There were 52 banks with more than $50 billion in assets at the end of the first quarter of 2021, up from 39 banks at the end of 2017, according to data from S&P Global Market Intelligence.
Congress is partly responsible for bank merger bonanza
The frenetic pace of bank shotgun weddings is largely a result of changes in financial regulations over the past few years.
The SIFI change from $50 billion to $250 billion opened the door for many mid-size banks to scoop up rivals without fear that they would suddenly be required to go through more strict and onerous oversight.
Banks have took advantage of the change and began pairing up. The reasons for doing so are pretty obvious: Larger institutions can cut costs and improve efficiencies to boost profits.
The pandemic jump-started more deals, too. The Federal Reserve’s emergency rate cuts have made it more difficult for banks to make money on loans since interest rates are near zero — and likely to stay there for the foreseeable future.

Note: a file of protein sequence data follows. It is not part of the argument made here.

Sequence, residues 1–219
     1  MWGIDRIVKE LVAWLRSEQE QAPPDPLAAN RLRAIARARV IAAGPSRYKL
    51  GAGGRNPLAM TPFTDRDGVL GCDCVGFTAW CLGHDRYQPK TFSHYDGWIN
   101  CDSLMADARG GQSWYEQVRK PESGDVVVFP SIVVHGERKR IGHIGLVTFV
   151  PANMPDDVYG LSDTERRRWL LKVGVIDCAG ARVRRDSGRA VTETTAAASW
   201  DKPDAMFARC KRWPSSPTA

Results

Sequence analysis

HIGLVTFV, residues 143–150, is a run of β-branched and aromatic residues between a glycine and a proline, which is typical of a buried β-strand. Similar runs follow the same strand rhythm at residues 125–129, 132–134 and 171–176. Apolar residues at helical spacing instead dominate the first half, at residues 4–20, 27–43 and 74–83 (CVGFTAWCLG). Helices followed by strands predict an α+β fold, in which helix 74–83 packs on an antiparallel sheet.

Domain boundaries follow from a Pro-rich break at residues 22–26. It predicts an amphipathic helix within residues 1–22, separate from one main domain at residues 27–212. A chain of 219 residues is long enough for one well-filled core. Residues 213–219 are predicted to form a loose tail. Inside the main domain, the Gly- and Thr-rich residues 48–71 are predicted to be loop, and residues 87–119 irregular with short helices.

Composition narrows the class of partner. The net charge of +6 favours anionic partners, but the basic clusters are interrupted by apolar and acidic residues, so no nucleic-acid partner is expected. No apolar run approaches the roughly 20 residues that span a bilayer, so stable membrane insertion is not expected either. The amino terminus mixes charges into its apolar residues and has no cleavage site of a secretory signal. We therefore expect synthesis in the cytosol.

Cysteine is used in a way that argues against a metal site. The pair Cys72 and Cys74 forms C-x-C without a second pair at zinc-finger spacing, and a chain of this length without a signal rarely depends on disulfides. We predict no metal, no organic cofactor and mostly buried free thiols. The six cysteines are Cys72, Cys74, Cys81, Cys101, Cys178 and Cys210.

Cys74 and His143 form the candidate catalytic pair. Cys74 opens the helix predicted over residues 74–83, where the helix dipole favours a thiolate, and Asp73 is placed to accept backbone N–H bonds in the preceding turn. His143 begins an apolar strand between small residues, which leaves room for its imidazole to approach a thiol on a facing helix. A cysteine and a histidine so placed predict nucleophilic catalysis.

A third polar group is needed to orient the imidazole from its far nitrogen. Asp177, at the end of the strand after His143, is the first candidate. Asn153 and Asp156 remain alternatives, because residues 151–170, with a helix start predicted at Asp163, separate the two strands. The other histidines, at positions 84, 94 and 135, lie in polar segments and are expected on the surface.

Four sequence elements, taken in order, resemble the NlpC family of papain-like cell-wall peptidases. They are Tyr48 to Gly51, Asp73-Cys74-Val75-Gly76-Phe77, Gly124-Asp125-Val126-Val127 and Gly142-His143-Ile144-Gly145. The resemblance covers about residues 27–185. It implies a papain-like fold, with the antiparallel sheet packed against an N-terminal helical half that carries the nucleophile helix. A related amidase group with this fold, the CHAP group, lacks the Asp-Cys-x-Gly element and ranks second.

Changes from DC on the horizon?
But it’s not clear how much longer the bank M&A wave will last. It is worth noting that the most recent changes to bank laws in Washington were accomplished during the Trump administration and with a Republican-controlled Senate.
The goal of the Warren-Garcia legislation is to “end rubber stamping of bank merger applications.”
That’s likely to get a sympathetic ear from Brown, the Ohio senator who is chair of the Senate’s Banking, Housing, and Urban Affairs Committee.
“We can’t let big banks merge into bigger and bigger megabanks, making it harder for small banks to compete and leaving rural and Black and brown communities behind,” Brown said in his prepared remarks to Powell.